• Straight off the tee
  • Soft around the greens
  • Decent pricing


  • Best for low swing speeds
  • Not the best spin


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3. Wilson Smart Core Golf Balls Review

Wilson Smart Core Golf Balls Review

Summary And Features

Who doesn’t like a bargain? The Wilson Smart Core balls are just in that category. Many players “downsized” from Pro V1’s to this bad boy. The reason? They are cheap and they perform decently.


As with all bargains, there are downsides. The durability on this ball is not the best – and the feel off the club is reported by some as clunky. If you have played a premium ball and put emphasis on the feel, it will be hard to go the cheaper route. 


Like many of the other competitors in this review, the Wilsons are 2-piece. The outer shell is made of ionomer which is a softer shell material. Ionomer balls tend to spin less off the tee keeping your shots straighter. The inner core is what Wilson calls “smart”, and is claimed to adapt to the golfer’s swing speed. This is to be proved. 


All in all the Smart Cores will be good for your wallet and decent for your game. If you’re a beginner, go for it – and once you’ve dialed in your game, switch balls and feel an improvement.


Pros and Cons

  • Cheap – even if you lose some each round
  • Helps with straighter tee shots


  • Durability is not the best
  • Lacks behind in distance


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4. Bridgestone E6 Soft Golf Balls Review

Bridgestone E6 Soft Golf Balls Review


Summary and Features

Another soft ball, but this is differently soft. This ball is made for accuracy and distance, but with less spin overall. It has a 3-piece construction and is a good candidate for the best golf ball for amateurs. 


Firstly the cover is made of surlyn which improves distance, but lowers spin. Therefore it is aimed for players who put more emphasis on the long game.


Furthermore the construction sports a medium compression, which points it towards players with a medium swing speed – looking for some distance in their game. 


Bridgestone has been in the golf game since 1935, and continues to prove their worth. With this track record one would think that the price would go up, but it’s actually not that bad and even on par with Titleist and Callaway.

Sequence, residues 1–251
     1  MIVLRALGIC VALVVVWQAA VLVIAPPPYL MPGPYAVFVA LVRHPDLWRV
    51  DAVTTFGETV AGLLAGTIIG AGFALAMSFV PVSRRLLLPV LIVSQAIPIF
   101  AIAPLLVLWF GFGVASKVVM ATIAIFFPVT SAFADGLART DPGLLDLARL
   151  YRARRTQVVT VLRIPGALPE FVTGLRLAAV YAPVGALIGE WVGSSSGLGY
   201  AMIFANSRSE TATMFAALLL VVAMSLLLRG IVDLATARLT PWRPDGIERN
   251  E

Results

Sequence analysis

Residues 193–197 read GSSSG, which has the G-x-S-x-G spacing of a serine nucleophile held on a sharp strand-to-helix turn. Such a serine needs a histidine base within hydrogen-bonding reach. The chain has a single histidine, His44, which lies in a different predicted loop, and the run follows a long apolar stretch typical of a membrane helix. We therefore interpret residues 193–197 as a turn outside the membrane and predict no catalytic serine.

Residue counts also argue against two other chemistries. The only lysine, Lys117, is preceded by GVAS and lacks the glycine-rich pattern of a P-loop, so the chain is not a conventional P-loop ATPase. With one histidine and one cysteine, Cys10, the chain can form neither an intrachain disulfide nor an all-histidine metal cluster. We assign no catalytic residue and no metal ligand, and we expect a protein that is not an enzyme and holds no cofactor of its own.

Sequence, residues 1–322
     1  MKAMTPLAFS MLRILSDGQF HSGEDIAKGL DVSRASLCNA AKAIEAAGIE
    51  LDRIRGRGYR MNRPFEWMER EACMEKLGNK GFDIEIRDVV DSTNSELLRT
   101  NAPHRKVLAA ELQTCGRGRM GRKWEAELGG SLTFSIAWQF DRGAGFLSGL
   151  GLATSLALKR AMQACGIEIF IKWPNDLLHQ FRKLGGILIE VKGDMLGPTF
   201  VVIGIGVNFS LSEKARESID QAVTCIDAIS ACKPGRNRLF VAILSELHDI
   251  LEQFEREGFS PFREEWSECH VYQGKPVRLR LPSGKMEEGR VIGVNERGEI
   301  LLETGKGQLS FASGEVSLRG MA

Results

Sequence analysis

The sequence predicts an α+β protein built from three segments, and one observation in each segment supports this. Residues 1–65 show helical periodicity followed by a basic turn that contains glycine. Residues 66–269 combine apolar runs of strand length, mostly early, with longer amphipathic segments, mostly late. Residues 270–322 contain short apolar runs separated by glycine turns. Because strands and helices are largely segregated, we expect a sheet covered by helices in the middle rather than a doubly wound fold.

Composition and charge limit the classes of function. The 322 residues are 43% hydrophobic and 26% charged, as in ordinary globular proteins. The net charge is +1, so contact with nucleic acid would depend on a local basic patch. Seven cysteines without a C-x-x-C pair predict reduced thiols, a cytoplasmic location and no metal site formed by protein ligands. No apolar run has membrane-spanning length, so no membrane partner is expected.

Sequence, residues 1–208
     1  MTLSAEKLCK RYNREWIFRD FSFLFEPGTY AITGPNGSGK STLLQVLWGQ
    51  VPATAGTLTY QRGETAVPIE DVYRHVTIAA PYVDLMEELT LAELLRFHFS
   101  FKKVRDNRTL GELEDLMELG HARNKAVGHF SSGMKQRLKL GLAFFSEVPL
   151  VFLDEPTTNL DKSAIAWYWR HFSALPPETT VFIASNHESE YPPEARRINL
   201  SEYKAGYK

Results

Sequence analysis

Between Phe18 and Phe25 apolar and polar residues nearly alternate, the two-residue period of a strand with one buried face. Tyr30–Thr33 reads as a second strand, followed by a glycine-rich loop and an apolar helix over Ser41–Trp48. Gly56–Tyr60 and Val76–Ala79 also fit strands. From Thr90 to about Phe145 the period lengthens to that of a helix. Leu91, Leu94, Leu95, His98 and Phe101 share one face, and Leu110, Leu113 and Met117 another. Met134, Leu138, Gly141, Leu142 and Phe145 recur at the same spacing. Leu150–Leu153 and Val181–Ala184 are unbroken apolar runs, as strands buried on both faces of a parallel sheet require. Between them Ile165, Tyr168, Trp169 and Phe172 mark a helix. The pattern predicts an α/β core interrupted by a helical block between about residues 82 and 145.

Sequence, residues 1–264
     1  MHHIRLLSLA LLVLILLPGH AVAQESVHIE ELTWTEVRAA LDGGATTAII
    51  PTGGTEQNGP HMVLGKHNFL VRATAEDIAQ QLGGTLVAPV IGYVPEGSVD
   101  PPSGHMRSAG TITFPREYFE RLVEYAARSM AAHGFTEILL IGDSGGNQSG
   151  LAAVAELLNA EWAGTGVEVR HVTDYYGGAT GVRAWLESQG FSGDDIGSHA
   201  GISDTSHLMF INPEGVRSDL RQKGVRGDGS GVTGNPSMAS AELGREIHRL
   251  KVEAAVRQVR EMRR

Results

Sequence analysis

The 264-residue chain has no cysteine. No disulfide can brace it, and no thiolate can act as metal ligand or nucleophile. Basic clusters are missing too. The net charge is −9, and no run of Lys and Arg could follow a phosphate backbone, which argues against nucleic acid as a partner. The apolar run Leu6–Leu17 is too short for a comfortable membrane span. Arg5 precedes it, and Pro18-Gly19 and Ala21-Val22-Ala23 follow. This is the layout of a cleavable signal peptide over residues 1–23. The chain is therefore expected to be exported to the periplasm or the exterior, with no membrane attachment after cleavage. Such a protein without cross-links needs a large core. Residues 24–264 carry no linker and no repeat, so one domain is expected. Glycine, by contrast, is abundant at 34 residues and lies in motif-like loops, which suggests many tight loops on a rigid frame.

It’s got an advanced mantle between the core and cover, which counteracts the spin on the longer shots. On the short shots the mantle helps with increased spin and a higher trajectory, to improve your approach to the green.


Bridgestone golf balls are a great choice if you’re a mid to low handicapper looking to get a step further. Golf Balls do have an impact on your game, and you will be able to tell if you come from a 2-piece cheaper ball. We feel like this is one of the best golf balls for amateurs out there.


Pros and Cons

  • Softness off the clubface
  • Increased accuracy on long shots
  • Decent spin on short shots


  • Price is a little high when not on sale
  • Aimed for medium swing speed


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5. Srixon Z-Star 6 XV Golf Balls Review

Srixon Z-Star 6 XV Golf Balls Review

Summary and Features

A high-end ball for the golfers who really wants business around the greens. The Srixon Z-Star 6 XV is a 4-piece ball with a pretty unique cover layer. It’s called SeRM for Slide Ring Material and is best shown in the video below. In short, it’s made of a molecular layer that bonds together in certain points and are flexible in other points. When hitting the ball the cover digs deep into the grooves and provides excellent spin




But what about distance, when the ball is so soft? Srixon has got you covered there too. The core is what Srixon call EGG – Energetic Gradient Growth. As the name implies the ball will, at impact, explode with energy, slice through the air and deliver great distance.